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Reimbursement summary for angioplasty of arteries of lower extremities

This post presents an extract from our reimbursement analysis for angioplasty of arteries lower extremities using plain and drug-coated balloons (DCBs) for peripheral artery disease in England, France and Germany. Plain balloon angioplasty is reimbursement via DRG solely and DCBs are reimbursement via combination of DRG and add-on reimbursement.
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EUnetHTA published a project plan for the comparative effectiveness of surgical techniques and devices for the treatment of benign prostate hyperplasia

At the end of July 2020, the network of European HTA agencies, EUnetHTA, announced the final plan of the project OTCA27 “Comparative effectiveness of surgical techniques and devices for the treatment of benign prostatic hyperplasia (BPH).”

This project is being executed by the Italian Regione Emilia-Romagna and the Austrian Institute for Health Technology Assessment (AIHTA). The dedicated reviewers are the State Health Care Accreditation Agency under the Ministry of Health of the Republic of Lithuania (VASPVT), Swiss Network for Health Technology Assessment (SNHTA), and Italian Azienda Zero Region Veneto.

The rationale of this multi-technology assessment is to collaboratively produce structured (rapid) core HTA information on minimally invasive surgical treatments for Benign Prostatic Hyperplasia (BPH). In addition, the aim is to apply this collaboratively produced assessment in the national and/or regional context.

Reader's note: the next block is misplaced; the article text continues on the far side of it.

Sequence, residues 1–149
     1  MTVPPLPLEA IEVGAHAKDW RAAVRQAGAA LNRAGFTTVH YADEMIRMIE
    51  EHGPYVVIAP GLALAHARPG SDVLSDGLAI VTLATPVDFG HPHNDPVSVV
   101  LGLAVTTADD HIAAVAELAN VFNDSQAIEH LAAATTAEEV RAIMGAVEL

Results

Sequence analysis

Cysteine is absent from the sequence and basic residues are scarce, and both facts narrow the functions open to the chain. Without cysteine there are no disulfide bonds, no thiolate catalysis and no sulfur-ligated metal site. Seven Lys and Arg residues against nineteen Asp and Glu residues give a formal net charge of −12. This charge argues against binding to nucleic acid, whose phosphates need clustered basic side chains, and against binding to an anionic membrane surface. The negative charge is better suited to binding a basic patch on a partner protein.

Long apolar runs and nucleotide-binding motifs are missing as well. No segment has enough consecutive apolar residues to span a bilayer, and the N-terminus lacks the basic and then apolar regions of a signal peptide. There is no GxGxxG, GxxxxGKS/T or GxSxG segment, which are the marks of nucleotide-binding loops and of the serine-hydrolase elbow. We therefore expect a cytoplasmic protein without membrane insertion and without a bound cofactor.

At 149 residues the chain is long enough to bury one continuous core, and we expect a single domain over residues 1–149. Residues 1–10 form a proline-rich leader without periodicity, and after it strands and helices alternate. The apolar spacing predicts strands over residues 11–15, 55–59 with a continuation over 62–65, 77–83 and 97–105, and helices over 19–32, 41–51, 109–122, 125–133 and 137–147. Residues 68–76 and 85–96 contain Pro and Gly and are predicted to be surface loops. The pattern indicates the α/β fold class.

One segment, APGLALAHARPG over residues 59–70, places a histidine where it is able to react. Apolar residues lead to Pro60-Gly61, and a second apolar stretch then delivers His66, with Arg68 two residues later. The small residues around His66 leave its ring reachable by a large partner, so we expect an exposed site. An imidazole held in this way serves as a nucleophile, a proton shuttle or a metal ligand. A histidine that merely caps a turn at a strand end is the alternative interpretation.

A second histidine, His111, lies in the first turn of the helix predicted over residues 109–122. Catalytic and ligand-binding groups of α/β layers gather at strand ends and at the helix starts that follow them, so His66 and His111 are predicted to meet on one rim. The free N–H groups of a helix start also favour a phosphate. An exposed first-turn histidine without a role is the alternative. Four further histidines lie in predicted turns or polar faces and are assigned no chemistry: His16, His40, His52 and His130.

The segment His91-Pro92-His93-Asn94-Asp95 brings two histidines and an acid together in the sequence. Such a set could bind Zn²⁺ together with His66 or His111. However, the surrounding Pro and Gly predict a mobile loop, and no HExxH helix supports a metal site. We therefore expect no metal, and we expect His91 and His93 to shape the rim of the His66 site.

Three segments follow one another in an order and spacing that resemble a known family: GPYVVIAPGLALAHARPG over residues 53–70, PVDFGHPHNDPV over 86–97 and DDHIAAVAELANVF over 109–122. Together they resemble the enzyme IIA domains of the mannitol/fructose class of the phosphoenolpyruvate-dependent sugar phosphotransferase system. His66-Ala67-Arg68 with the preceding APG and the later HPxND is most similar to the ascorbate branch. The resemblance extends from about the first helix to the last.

This rapid assessment will provide comparisons among different minimally invasive surgical treatments for BPH, in order to assess their relative effectiveness and safety in patients with an indication for surgical treatment and different subpopulations, according to prostate size. This topic was chosen based on a request from local decision-makers who commissioned the authors’ agency to carry out an HTA to assess the relative effectiveness and safety of minimally invasive surgical treatments compared to available alternatives.

The HTA Core Model Application for rapid Relative Effectiveness Assessment (REA) (4.2) will be the primary source for selecting assessment elements.

A systematic review of the scientific literature will be performed according to the Cochrane Handbook methodology - Version 2019. One high-quality systematic review with network meta-analysis published in November 2019, including Randomized Controlled Trials (RCTs) comparing different treatments addressed in this report was found. It will constitute the starting point for this assessment and the basis for setting and updating the search for RCTs to answer questions on effectiveness and safety. The Systematic Review production tool (RevMan 5) will also be used for data extraction, risk of bias representation, and SoF tables. As one high-quality systematic review was published in November 2019, the systematic search will be performed in the following databases having January 2019 as a starting date: Medline, Embase, and Cochrane Library. Scientific literature will be monitored to check the availability of newly published RCTs that could be included. These will eventually be listed.

The final version of this rapid assessment is expected to be published in March 2021.

The full details in English can be found here.

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